- Employability among the long-term unemployed: A futile quest or worth the effort?
- Journal of Vocational Behavior
- Volume | Issue number
- 82 | 1
- Pages (from-to)
- Document type
- Faculty of Social and Behavioural Sciences (FMG)
- Psychology Research Institute (PsyRes)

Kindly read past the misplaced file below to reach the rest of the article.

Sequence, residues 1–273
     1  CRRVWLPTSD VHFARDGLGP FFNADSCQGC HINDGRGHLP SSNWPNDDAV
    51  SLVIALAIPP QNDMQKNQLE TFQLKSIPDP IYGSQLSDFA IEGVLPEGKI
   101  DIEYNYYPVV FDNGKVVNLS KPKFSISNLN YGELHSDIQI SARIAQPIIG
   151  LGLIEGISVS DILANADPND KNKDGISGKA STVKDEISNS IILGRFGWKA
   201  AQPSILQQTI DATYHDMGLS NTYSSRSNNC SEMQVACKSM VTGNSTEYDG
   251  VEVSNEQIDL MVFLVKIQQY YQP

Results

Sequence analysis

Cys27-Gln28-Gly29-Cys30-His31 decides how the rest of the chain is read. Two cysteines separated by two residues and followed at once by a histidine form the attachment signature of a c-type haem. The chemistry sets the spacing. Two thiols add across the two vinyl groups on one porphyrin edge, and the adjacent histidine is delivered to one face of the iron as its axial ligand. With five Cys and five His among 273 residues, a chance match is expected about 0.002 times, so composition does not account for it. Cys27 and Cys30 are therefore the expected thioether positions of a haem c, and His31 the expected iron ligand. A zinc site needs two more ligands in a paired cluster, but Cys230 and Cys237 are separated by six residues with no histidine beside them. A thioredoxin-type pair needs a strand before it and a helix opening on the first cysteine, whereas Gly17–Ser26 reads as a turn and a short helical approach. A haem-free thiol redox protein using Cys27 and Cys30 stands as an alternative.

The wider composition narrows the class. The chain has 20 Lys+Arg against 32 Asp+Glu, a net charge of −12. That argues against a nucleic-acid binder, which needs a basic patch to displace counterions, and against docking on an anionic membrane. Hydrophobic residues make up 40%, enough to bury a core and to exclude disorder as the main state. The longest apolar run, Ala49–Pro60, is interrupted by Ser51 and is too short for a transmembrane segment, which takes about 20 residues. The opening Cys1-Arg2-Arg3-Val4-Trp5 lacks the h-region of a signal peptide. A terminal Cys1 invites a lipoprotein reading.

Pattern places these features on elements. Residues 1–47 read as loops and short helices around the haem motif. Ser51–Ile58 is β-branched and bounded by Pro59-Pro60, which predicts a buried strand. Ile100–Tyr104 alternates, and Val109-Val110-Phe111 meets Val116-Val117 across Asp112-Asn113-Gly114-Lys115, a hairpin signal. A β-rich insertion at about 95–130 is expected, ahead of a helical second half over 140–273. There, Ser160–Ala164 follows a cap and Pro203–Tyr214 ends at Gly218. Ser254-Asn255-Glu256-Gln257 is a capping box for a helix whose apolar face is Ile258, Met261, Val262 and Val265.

Unemployment bears many negative consequences for both individuals and societies. Particularly the long-term unemployed face poor chances of finding reemployment, and many recommendations issued in the regular unemployment literature may not apply to them. Therefore, the current study investigates whether employability (Fugate et al., 2004) may help finding reemployment among those who have been unemployed for years. Specifically, we examine whether employability can foster job search and the chance on finding reemployment above and beyond the barriers that long-term unemployed people so often face. Additionally, we investigate whether reemployment interventions can contribute to long-term unemployed people's employability. The present study assessed long-term unemployed people's employability at two points in time (nT1 = 2541, nT2 = 897). Results show that employability fosters job search and the chance on finding reemployment among long-term unemployed people, although not all employability dimensions contributed equally to job search and reemployment. Moreover, reemployment interventions contributed to people's development of employability, although the effects were relatively small. Taken together, our study demonstrates the significant role of employability in the reemployment process, thereby extending the notion of employability from active members of the workforce to the long-term unemployed. We discuss that reemployment research and practice should focus on longterm unemployed people's employability, and that reemployment services should take a more personcentered approach in helping them to find reemployment.
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